Change: letting go
Louis Zamperini was an Olympic runner, who went on to be an airman in WW2. In 1943 his plane crashed into the pacific and he survived, with two crewmates on a raft, adrift at sea for 47 days. He was then captured by the Japanese Navy and detained as a prisoner of war until August 1945. During his time there he was tormented by a prison guard, severely beaten and mistreated.
His story is told in the movie, Unbroken.
His story is one of survival through the most horrific circumstances. If you have seen the movie, events were relentless. Most people would not make it.
The story didn’t end there. After his release, he suffered severe post traumatic stress symptoms. During his detainment, in his worst moments, he promised if he survived he would dedicate his life to something bigger.
He followed through on that promise. He forgave his captors. Through forgiveness Louis’s nightmares ceased. He was able to travel back to Japan and visit war criminals. He died in 2014 aged 97. He dedicated his life, using his voice to help others.
This was a man who had learned to let go, continuously, during those atrocities in order to survive. He chose to grow and continued to do so upon release.
He let go of people and situations that did not serve him.
Recently, I have read that some view the term, let it go, as a form of spiritual bypassing and I agree in some cases this can be true. Those who use the term loosely are ignorant.
Letting go of our desires is deeply painful. Nothing soft about it.
It is experienced physical too. We hold pain in our body. Personally, I avoided letting go and facing the natural process of grief pretty much until age 30. When I eventually let go, my nervous system was re-wired. At the time, I believed I was having an emotional breakdown. I was later told it was a spiritual awakening.
I met a woman recently who experienced a traumatic event as a teenager and wrote a book. Like Louis Zamperini she was speaking about the practice of forgiveness.
She may have forgiven her offenders, mentally. Only her body told a difference story – she was rigid. The pain was still there. So, I understand that there are people who use this practice superficially to bypass a deeply painful process.
What you might experience when letting go:
• Sadness – when you let go, you can feel great sadness. There can be a sense of loss, even if someone has not died. Essentially, you need to go through a grieving process before you are ready to move forward. Many people are uncomfortable with sadness and therefore try to bypass this stage to get to a new beginning. If you bypass this stage and force a new beginning prematurely, then you miss out on the growth opportunity and the hard work will be for nothing.
• Despair – sadness might not be close to describing how you are feeling. Utter despair might be closer to the reality of your feelings. Again, despair is not to be feared. Remember, if you resist the feelings they are likely to last longer. Better to feel extreme despair for a few days, express the emotions and then move through the process. If you don’t do this, the uncomfortable thoughts and feelings may linger for months and even years. There is no need for this. As I have explained, some great insights/inspiration can come from moments of despair.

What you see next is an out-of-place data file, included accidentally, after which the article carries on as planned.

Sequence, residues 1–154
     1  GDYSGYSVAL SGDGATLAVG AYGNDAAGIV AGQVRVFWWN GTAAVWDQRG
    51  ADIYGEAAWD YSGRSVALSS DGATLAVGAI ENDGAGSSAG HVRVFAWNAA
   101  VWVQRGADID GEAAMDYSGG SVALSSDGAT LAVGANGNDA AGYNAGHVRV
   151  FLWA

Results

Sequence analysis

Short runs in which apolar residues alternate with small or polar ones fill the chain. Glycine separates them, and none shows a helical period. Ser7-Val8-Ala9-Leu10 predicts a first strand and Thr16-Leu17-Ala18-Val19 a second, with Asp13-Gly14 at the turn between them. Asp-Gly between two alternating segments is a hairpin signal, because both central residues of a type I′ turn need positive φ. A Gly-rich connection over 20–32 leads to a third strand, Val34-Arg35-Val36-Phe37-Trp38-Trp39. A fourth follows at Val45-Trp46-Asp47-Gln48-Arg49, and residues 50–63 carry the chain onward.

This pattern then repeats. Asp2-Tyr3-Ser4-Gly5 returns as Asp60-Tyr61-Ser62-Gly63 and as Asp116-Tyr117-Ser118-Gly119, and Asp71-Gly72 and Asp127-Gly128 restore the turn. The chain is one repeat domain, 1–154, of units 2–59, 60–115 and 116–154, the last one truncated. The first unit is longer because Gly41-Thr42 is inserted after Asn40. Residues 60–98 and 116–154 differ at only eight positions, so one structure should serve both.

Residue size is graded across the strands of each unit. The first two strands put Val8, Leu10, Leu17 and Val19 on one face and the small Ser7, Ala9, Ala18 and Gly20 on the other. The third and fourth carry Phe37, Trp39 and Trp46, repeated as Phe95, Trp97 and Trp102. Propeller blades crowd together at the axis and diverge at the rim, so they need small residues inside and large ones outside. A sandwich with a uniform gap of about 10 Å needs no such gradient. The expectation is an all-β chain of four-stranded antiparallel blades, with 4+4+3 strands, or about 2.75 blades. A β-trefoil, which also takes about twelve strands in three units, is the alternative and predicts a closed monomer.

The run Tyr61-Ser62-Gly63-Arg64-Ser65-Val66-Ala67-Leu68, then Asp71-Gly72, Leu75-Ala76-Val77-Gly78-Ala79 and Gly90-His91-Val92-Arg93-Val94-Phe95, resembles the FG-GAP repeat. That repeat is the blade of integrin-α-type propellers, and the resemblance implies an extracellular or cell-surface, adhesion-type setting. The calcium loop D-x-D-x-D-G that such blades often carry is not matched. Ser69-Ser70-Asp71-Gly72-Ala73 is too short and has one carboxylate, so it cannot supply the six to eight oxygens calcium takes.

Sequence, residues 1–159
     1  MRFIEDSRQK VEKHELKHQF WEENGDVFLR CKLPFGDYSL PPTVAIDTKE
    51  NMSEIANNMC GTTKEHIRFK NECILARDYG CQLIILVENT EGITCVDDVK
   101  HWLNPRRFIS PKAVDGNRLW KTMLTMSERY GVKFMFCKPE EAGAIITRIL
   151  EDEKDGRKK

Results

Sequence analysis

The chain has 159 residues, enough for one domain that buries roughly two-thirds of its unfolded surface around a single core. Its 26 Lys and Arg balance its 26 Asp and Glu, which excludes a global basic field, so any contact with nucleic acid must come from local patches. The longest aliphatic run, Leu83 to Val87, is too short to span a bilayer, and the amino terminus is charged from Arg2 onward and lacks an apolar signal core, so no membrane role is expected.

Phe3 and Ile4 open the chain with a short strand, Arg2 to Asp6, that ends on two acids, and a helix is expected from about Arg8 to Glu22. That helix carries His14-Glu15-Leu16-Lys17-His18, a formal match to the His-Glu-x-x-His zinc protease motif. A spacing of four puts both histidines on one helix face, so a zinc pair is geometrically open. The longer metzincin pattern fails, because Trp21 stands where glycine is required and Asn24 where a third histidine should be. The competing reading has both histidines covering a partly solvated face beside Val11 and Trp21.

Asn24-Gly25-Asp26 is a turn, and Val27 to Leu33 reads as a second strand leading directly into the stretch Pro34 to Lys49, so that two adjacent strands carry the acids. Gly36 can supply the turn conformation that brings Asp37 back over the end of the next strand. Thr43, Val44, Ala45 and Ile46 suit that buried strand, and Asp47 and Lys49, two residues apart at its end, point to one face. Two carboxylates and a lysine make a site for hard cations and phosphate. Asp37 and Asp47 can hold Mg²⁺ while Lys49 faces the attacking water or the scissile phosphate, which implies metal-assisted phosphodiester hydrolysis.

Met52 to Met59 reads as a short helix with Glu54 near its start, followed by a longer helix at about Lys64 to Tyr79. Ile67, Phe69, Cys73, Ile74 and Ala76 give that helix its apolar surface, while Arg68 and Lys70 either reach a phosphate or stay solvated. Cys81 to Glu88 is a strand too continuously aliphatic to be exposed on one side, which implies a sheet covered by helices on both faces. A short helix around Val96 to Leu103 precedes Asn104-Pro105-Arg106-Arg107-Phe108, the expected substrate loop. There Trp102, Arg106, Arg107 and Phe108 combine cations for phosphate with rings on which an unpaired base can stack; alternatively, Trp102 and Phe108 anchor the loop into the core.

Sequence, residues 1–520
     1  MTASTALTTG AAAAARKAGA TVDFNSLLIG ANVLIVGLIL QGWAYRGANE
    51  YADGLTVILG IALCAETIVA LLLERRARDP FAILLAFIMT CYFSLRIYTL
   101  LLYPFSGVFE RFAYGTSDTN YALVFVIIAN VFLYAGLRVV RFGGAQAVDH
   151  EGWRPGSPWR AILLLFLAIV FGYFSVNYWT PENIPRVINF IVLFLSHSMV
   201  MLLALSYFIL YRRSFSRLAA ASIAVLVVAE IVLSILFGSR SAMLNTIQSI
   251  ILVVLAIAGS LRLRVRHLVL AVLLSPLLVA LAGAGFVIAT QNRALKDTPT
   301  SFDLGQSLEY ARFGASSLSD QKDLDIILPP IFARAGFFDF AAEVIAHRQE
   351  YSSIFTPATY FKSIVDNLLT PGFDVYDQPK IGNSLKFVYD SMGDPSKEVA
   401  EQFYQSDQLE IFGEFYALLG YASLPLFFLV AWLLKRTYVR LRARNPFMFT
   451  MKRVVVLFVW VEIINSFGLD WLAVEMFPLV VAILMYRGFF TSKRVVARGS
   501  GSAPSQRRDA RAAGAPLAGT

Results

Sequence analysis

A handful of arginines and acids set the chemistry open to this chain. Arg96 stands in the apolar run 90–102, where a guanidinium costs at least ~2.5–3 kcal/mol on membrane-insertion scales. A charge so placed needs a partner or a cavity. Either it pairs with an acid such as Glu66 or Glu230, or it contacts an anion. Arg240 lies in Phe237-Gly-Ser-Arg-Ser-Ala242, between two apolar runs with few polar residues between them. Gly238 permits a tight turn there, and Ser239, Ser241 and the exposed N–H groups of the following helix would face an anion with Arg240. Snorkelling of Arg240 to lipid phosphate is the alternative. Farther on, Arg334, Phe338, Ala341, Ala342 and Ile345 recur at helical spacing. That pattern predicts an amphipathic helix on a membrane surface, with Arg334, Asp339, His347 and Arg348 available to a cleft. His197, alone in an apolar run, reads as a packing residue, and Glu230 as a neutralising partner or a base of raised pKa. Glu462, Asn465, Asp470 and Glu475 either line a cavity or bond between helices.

• Fear – change can be scary! It’s human nature to want a sense of predictability to feel secure. When events change rapidly, you can feel insecure and unsafe. You may question your ability to handle the unknown and again, you may fluctuate between letting go and resistance. Fear can manifest in people in many different ways but the most common way is in anger. This is the natural way to express fear for many people.
• Nothingness/emptiness – William Bridges explains this as the neutral zone. It’s a period of time when the ‘old’ way of doing things has not yet been replaced with the ‘new beginning’. Again, this can be an uncomfortable feeling for many. Life is so busy now – iPhones, internet, Facebook, Twitter – we never take the time to stand still. Yet much can be said in silence! Nothingness requires patience and acceptance of what is. It is through this silence that the inner changes will be felt. There will be an inner signal that a new beginning is on its way.
• Frustration – there is nothing more frustrating than sitting in a period of unknown. You may be the type of person who wants everything to be planned out. Having a plan is important if you ever want to get anywhere. However, when life doesn’t work out according to the plan, it can be frustrating. When you are letting go of your old and limiting thoughts, beliefs and behaviours, you don’t know what the new ‘you’ is going to look and feel like.
Patience and acceptance
You are vulnerable during this period and you might not feel emotionally stable – especially if these emotions have been stored away for some time. You might feel overwhelmed by them. Don’t make the mistake of not accepting genuine offers of help or encouragement. However, be discriminate in your choice with whom and when you seek this support (Read anxiety and depression: speak with someone who understands)
Louis Zamperini was human, he struggled with resistance after his release in Japan (Change: break through inner and external resistance), relying heavily on alcohol to cope with his post-traumatic stress symptoms.
Ultimately, he chose to face his experience and let go fully. He had the courage to learn the true meaning of letting go. That forgiveness done properly is not bypassing.
It is grace. Fully embodied. Allowing you to use your voice to heal yourself and others.